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It began with sweets and pocket money when he was 10 years old — special attention from the religious cleric who ran the Pakistani madrassa, or Islamic school, the boy attended.
And it escalated to rape and months of sexual abuse, the now 28-year-old young man says.
"I feel rage now when I think after he raped me he took a bath and right away he left to lead the prayers," the man, an economist who lives in Islamabad, told The Associated Press. "After that I came to know from three or four of my classmates that the mufti used to do the same with them."
Speaking English, at times searching for the right words and at others apologizing for the explicitness of his conversation, he described the cleric's advances: how he took him to another mosque that was not associated with the madrassa the boy attended and then raped him.
He said he suppressed memories of the abuse for years, but after reading an AP report last month revealing widespread abuse by clerics in Pakistan's thousands of madrassas, they all came tumbling back.
"I read the story two times. The first time I was shocked. The things that were written there were everything I had lived. The second time I read it, the whole of my body was trembling because of the memories it brought back," said the man, speaking on condition of anonymity, not only because of the shame he felt nearly two decades later but because he feared Pakistan's religious leaders could retaliate against him either with violence or charges of blasphemy or being an apostate, both of which, he said, were tantamount to a death sentence.
He decided to approach his former classmates, to rally survivors of abuse to band together to speak out. But, he said, he was rebuffed, and firmly.
"They said 'Stop talking. This is not something to discuss.' It is so common in the madrassas here, but people don't want to talk about it. We are ashamed," the young man said.
There are more than 22,000 registered madrassas in Pakistan, and many thousands of unregistered ones, often grimy one- or two-room facilities in remote villages. The millions of students they teach are often among the country's poorest, who receive food and an education for free.
But at the madrassa this young man attended — one of the largest in the Pakistani capital, which attracted students from other parts of the country — many of his fellow students were, like himself, from middle- and upper-middle class families, "sent to the madrassa to win favor for the family from God," he said.
Naeema Kishwar, a federal lawmaker who last year helped change Pakistan's laws to close a legal loophole that had allowed those who commit so-called "honor killings" to escape punishment, said that laws exist to tackle sexual abuse of minors, which she called a scourge in Pakistan, not only in madrassas but in public schools, at home and among the army of child workers who are employed in homes as domestic workers and in factories.
"Of course, it is the responsibility of the federal government to prevent abuse of children, but you must keep it in your mind that provincial governments are equally to be blamed for being unable to stop child abuse at all places, including private and government schools and madrassas," she said. "This is a common problem."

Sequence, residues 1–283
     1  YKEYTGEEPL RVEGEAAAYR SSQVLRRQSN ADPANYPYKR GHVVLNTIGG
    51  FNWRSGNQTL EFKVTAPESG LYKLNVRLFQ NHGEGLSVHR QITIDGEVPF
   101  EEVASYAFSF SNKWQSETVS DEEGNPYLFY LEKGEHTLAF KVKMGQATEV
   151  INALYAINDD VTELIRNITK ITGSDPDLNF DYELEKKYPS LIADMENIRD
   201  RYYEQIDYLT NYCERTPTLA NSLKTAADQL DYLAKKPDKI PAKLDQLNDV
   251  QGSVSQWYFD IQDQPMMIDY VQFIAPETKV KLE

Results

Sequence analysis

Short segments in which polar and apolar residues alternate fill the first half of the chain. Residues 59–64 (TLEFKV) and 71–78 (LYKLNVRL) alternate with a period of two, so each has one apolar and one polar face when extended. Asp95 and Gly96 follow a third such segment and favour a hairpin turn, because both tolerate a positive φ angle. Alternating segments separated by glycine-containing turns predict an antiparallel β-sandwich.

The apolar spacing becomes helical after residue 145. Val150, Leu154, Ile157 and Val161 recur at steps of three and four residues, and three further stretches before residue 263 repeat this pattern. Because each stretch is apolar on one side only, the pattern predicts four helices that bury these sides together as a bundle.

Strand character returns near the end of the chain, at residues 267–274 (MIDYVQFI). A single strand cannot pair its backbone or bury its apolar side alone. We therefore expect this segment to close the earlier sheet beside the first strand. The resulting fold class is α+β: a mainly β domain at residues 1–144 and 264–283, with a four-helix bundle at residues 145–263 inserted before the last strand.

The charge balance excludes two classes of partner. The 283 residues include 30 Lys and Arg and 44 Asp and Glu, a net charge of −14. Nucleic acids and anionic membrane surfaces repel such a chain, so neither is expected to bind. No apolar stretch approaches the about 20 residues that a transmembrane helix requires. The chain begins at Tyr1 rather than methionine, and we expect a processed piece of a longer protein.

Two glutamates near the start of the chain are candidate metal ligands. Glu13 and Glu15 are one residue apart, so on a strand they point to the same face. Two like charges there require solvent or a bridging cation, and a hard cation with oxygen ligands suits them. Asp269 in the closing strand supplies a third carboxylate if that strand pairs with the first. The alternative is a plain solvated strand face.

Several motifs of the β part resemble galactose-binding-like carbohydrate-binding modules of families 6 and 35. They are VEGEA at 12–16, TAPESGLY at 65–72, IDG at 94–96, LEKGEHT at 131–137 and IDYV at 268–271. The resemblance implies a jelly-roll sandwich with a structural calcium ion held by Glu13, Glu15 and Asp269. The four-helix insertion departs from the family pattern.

But Kishwar who is a member of the religious Jamaat-e-Ulema-e-Islam, a pro-Taliban party, took umbrage with a focus on sexual abuse in the madrassas. Her party operates thousands of religious schools. But like the clerics who dominate her party, Kishwar, despite data and evidence to the contrary, said the incidents of abuses in religious seminaries were isolated.
Taha Siddiqui, a prominent Pakistani blogger and journalist, who has come under attack by the military and intelligence agencies in Pakistan for his outspoken commentaries, said the AP report was widely shared on social media, whereas the mainstream media stayed mostly silent. He blamed fear among the mainstream media of antagonizing the country's religious leaders and because sex, even if it involves abuse, is a taboo subject.
"Such topics rarely get any coverage on national television channels. And for that reason, there were discussions on social media which were much more encouraging," he said.
Two-time Oscar winner Sharmeen Obaid, whose documentaries have given a voice to victims of acid attacks and "honor killings" in Pakistan, retweeted the story.
Sherry Rahman, a senator in Pakistan's upper house of Parliament and a close ally of Pakistan's slain leader, Benazir Bhutto, tweeted: "This is a subject we need to talk about so our children are better protected. Sexual abuse of children is pervasive at many levels of society across the class divide. We must give courage and hope for victims to speak out. "
Raza Rumi, a Pakistani journalist and policy analyst, who moved to the United States after surviving an assassination attempt by members of the militant Lashkar-e-Janghvi group, tweeted: "This had to be said. For too long we have avoided confronting such brutalities. . . End #child #abuse in #Pakistan."
But there were also virulent attacks, said Siddiqui. Some accused those who criticized madrassas of blasphemy, while others said it was a Western conspiracy to defame Islam.
Says the young economist and abuse survivor: "In Pakistan the mullahs have two weapons__ they can declare you an apostate or charge you with blasphemy. Both are a certain death sentence."
Gannon reported from New York. Associated Press writers Zarar Khan and Munir Ahmed in Islamabad contributed to this report.
Kathy Gannon can be followed on HYPERLINK "http://www.twitter@kathygannon"
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